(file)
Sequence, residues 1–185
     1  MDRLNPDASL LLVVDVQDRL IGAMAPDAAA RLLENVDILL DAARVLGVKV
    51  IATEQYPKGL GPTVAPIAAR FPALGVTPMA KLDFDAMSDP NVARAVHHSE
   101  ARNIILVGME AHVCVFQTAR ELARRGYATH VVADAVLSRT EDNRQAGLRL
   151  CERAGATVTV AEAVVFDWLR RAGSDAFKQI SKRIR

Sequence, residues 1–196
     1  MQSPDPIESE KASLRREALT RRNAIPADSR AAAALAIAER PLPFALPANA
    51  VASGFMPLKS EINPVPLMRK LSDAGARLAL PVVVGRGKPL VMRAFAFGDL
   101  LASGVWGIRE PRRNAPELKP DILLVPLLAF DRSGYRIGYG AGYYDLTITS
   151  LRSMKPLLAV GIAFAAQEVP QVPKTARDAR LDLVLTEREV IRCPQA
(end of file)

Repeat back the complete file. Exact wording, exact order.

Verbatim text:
Sequence, residues 1–185
     1  MDRLNPDASL LLVVDVQDRL IGAMAPDAAA RLLENVDILL DAARVLGVKV
    51  IATEQYPKGL GPTVAPIAAR FPALGVTPMA KLDFDAMSDP NVARAVHHSE
   101  ARNIILVGME AHVCVFQTAR ELARRGYATH VVADAVLSRT EDNRQAGLRL
   151  CERAGATVTV AEAVVFDWLR RAGSDAFKQI SKRIR

Sequence, residues 1–196
     1  MQSPDPIESE KASLRREALT RRNAIPADSR AAAALAIAER PLPFALPANA
    51  VASGFMPLKS EINPVPLMRK LSDAGARLAL PVVVGRGKPL VMRAFAFGDL
   101  LASGVWGIRE PRRNAPELKP DILLVPLLAF DRSGYRIGYG AGYYDLTITS
   151  LRSMKPLLAV GIAFAAQEVP QVPKTARDAR LDLVLTEREV IRCPQA